Our results need to be read encompassing some caveats. First, this is not a longitudinal study evaluating patients’ brain oscillations over time. Therefore, we cannot claim any causal relationship between the excess of beta activity in the affected hemisphere and poor motor recovery. Future trials recording EEGs at different time points during the course of a patient’s recovery should be performed to answer that question. Another limitation is that we used datasets from two different centers. However, when entering the covariate “center” in the model, we showed that it did not influence the results significantly. Noteworthy, by coupling the data from two sites we were able to perform our analyses on a relatively big sample size, which strengthen our results. It should also be noted that we recorded resting-state EEG and not EEG during a specific motor task. Using such active paradigm, for instance, testing event-related desynchronization, could provide alternative findings and be more closely related to motor function. A combination of both active and resting paradigms should be tested in future clinical trials. Regarding clinical data, some medications, especially GABAergic agents (e.g., Baclofen) are known to have an impact on high-frequency cortical activity. Future studies should take into account such medications in order to evaluate how this factor could influence cortical oscillations and its correlation with motor function. However, it is important to note that for some of our findings, we compared hemispheric changes, and we expect a similar effect of these medications on both hemispheres. In addition, the localization and the size of the brain lesion could also have influenced the results. In our study, this information was not systematically assessed, as it was not the main goal of this investigation. Therefore, neuroimaging studies combining EEG with structural MRI (i.e., voxel-based morphometry) could provide further insights into the relationship between motor function, cortical oscillations, and structural damages. As abovementioned, this study was done using high-density EEG recordings and cannot, yet, be translated to clinical practice. Trials using a smaller number of electrodes, as systems used in clinical practice, should confirm the practicability and reproducibility of our results. Finally, these results must be considered preliminary since these exploratory analyses were not corrected for multiple comparisons.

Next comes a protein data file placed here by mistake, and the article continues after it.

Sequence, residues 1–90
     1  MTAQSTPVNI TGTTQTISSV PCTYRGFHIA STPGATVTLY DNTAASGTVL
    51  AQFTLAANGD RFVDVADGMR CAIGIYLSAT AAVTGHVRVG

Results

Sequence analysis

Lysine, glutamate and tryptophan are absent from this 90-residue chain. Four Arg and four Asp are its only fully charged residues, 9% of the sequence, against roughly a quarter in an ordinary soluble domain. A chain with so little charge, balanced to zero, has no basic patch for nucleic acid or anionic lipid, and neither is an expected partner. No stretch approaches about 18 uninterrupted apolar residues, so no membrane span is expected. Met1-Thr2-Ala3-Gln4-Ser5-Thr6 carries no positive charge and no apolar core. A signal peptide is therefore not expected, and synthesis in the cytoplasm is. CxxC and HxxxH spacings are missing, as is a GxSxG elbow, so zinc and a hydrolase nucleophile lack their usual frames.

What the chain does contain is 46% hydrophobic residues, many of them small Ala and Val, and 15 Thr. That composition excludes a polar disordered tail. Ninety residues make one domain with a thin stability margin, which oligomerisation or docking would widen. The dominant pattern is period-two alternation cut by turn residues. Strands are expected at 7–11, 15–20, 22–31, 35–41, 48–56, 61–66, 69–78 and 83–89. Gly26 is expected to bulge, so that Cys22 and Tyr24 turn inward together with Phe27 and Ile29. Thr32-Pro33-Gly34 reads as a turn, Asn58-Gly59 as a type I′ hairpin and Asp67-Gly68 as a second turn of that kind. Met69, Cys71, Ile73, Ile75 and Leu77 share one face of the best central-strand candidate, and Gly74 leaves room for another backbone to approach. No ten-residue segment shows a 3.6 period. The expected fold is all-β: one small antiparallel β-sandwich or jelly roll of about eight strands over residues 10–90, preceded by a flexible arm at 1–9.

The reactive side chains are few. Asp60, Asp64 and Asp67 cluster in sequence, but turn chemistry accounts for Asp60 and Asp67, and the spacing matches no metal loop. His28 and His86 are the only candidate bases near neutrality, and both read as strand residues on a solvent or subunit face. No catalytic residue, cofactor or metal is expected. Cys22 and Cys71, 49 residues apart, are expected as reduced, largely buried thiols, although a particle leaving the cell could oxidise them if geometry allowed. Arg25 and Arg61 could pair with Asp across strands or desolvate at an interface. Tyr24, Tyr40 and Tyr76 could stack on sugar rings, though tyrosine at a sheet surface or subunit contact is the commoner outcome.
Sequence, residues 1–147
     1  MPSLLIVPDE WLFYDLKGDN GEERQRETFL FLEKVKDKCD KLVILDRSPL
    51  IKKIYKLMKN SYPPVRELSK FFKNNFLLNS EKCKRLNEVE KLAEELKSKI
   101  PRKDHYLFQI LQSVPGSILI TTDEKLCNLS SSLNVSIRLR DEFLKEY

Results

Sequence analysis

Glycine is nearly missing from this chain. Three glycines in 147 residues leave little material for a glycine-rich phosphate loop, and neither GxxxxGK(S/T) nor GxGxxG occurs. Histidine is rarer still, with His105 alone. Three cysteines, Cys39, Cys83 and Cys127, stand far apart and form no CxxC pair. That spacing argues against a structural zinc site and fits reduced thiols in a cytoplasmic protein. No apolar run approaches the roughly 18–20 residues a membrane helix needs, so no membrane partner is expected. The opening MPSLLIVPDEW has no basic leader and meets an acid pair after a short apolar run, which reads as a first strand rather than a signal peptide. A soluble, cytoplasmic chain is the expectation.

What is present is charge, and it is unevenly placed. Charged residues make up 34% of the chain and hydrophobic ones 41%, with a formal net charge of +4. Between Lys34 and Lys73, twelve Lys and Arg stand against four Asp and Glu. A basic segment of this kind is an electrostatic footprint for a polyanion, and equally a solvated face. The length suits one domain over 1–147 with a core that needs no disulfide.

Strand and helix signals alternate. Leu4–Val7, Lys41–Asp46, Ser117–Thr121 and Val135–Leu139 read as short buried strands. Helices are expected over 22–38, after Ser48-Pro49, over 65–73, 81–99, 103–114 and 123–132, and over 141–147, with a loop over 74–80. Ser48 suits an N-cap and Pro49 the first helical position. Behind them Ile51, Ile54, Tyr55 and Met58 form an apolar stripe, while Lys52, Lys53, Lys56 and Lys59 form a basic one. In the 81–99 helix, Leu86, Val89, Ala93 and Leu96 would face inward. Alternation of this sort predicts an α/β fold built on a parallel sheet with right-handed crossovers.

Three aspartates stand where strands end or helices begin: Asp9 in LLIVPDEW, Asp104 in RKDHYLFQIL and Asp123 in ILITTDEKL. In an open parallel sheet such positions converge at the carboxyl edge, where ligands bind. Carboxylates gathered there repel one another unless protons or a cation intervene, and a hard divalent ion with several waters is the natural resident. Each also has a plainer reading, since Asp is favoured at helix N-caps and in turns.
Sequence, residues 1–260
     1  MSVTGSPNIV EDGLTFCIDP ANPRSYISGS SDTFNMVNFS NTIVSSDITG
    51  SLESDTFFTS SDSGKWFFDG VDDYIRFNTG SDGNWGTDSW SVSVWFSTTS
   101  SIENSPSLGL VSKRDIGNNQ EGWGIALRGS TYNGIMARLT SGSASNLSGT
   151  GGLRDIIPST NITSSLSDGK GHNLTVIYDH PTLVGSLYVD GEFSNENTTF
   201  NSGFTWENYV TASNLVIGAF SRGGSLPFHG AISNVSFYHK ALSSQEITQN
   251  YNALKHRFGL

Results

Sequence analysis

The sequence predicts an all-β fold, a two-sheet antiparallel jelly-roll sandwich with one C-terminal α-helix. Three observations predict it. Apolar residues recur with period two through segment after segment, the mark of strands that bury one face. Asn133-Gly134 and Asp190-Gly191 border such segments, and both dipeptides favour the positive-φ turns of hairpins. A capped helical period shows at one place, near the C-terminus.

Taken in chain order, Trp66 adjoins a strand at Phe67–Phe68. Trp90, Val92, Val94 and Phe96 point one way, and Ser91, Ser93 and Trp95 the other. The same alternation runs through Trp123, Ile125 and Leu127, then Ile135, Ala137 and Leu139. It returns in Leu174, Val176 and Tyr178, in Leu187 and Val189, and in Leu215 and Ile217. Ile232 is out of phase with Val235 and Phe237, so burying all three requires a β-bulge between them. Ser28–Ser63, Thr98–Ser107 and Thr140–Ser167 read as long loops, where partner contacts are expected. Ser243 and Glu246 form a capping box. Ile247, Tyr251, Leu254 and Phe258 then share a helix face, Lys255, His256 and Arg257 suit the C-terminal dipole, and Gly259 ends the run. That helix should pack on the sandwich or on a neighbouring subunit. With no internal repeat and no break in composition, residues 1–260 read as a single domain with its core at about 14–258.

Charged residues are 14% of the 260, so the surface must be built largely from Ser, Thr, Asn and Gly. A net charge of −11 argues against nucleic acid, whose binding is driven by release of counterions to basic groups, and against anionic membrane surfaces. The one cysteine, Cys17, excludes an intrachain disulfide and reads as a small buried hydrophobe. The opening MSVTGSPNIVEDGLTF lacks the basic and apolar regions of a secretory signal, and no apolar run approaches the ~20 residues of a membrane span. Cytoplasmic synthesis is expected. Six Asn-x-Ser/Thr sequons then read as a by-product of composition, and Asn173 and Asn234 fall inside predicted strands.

This study expands our previous findings on the neurophysiological markers of motor function after stroke and proposes some models for using EEG as a potential marker of motor recovery that needs to be validated in longitudinal clinical trials or cohorts. Clinical trials can also test whether interventions that modulate neural activity have an impact on EEG data when comparing before and after the procedure according to the models discussed here. These markers could also identify physiologic phenotypes with a better response to treatment, or in other words, to identify not only surrogate markers but prognostic markers. Its relative inexpensiveness and temporal resolution make EEG an attractive technology to explore brain function in a clinical setting, thus models that integrate several biomarkers will advance further the field of motor recovery after stroke.